The next day, Johnson stole his mother's keys and drove to the school
with Golden. Johnson parked the van in the middle of the woods outside
of the backyard of the school, planning to return there once the
massacre was over. Johnson sat on a hill in the backyard of the school,
while Golden went inside and pulled the fire alarm. Golden ran back and
rejoined him at the hill with his weapon. As the students and teachers
filed out of the building, thinking it was a routine fire drill, Johnson
and Golden opened fire on them.
After they fired for four minutes, four students and a teacher were
killed, and ten more were wounded. As the police arrived on the scene,
Johnson and Golden ran into the woods back to the van. However, they
failed to outrun the officers that were pursuing them, and were both
arrested by the police officers.
During the trial, Mitchell hung his head and read a letter of apology
he had written to victims' families. Mitchell said he wasn't targeting
anyone. "We were not going to shoot at anyone in particular," he said.
"I really thought we would scare them. I am sorry. I hope anyone who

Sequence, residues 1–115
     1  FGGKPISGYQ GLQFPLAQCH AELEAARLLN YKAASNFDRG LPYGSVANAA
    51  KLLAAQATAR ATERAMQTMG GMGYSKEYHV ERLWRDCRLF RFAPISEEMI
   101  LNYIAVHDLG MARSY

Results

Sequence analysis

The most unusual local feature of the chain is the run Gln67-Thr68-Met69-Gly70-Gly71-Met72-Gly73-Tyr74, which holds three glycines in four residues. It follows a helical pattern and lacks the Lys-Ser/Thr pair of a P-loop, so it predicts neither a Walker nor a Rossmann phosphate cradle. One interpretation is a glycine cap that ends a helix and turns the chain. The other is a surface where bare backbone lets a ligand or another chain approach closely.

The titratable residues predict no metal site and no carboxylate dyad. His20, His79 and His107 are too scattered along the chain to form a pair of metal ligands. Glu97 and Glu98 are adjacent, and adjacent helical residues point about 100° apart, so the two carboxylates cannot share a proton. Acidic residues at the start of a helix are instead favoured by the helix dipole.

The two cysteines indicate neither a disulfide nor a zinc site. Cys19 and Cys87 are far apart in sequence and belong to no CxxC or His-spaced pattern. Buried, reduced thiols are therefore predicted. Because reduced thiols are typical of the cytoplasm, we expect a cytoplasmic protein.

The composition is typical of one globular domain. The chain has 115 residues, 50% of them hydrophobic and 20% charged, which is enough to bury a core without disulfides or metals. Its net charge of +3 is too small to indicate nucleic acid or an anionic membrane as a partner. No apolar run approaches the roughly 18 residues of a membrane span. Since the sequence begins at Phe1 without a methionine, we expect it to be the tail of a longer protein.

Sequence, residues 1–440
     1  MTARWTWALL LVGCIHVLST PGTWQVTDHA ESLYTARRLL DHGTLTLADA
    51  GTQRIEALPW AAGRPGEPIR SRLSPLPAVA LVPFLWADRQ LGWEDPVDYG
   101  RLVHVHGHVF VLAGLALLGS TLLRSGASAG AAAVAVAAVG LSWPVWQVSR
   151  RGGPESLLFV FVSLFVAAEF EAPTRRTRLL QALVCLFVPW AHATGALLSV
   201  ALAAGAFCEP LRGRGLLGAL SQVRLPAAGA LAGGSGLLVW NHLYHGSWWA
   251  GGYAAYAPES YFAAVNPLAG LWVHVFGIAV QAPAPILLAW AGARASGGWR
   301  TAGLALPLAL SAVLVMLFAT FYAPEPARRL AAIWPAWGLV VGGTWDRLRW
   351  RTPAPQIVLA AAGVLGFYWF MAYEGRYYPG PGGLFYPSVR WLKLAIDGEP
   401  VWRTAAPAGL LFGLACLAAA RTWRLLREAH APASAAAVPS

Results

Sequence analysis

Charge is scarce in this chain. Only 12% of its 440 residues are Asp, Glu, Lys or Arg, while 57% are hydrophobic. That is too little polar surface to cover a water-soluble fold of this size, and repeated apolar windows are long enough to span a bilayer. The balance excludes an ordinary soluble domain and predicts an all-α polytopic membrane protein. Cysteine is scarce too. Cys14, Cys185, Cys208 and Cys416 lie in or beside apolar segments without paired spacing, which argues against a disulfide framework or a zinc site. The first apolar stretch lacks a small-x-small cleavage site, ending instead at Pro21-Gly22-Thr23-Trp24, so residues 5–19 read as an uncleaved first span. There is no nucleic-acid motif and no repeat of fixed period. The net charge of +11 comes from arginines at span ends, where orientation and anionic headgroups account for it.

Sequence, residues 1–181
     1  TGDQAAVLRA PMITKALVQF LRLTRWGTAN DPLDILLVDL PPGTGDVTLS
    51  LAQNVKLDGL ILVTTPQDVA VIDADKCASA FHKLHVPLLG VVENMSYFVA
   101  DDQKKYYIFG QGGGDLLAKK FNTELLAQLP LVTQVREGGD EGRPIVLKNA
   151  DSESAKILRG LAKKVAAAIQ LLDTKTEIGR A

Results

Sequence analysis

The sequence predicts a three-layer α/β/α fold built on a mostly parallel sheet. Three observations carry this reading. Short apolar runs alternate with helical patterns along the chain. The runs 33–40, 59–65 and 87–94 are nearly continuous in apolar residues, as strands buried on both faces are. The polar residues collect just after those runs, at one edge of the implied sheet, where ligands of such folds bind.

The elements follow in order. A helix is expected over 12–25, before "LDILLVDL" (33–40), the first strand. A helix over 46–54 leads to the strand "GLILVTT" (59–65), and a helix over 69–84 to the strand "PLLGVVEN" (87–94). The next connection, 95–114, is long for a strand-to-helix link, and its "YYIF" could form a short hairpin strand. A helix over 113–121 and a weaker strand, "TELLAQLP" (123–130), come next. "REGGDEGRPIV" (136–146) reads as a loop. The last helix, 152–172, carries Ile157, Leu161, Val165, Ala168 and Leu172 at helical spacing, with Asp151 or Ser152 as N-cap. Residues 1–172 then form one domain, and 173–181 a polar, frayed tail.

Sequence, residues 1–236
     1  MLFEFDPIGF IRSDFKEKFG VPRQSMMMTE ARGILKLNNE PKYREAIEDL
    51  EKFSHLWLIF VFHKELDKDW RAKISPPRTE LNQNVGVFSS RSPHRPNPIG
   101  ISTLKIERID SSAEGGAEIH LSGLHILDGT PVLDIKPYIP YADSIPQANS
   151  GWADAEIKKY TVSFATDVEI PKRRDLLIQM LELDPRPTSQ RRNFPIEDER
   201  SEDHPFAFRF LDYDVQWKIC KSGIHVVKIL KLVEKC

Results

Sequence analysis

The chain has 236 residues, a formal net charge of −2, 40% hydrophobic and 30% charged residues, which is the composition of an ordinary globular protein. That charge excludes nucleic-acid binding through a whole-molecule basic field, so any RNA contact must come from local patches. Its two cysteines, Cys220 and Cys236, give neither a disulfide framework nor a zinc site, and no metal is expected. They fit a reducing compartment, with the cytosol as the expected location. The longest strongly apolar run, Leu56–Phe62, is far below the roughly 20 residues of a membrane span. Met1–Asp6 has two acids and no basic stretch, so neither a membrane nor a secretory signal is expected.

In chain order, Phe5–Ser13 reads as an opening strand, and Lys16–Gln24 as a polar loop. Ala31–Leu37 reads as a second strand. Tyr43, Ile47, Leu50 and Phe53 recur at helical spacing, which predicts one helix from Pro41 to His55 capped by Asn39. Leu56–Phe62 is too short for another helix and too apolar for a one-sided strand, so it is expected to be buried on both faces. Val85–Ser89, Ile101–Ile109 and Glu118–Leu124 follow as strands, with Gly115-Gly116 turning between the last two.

listens to these word knows how truly sorry I am."
While in detention awaiting trial, Mitchell wrote a letter that
stated: Hi. My name is Mitchell. My thoughts and prayers are with those
people who were killed, or shot, and their families. I am really sad
inside about everything. My thoughts and prayers are with those kids
that I go to school with. I really want people to know the real Mitchell
someday. Sincerely, Mitchell Johnson."
Due to their age, they were tried as juveniles, and were found guilty
of 5 counts of murder. Following their convictions, Johnson and Golden
were taken by National Guard helicopter to Alexander, Arkansas, the
location of the Youth Services Division's juvenile facility and the
state's most secure juvenile facility.
While incarcerated, Mitchell reunited with Colby Brooks (no relation
to victim Natalie Brooks). The two had been good friends before the
Johnson was released on
August 11, 2005,
on his 21st birthday due to federal gun crimes. Originally he was to
only be held until he turned 18 years old. He spent less than 2 years in
jail for each murder that he committed. He is allowed to buy and own
In interviews with Johnson's mother, she has said that he plans to
leave Jonesboro and become a Baptist minister. However in a deposition
taken for the civil case, he stated that he wanted to become a Seventh
Day Adventist Minister, but hasn't found a Seventh Day Adventist church
that he liked.
Golden was released on
May 25, 2007,
also his 21st birthday. Golden's exact whereabouts were unknown until he
applied for a concealed weapon permit in Arkansas on October 7, 2008,
under the name he now uses, Drew Douglas Grant. His application
was denied by Arkansas state police, who noted that Golden had lied on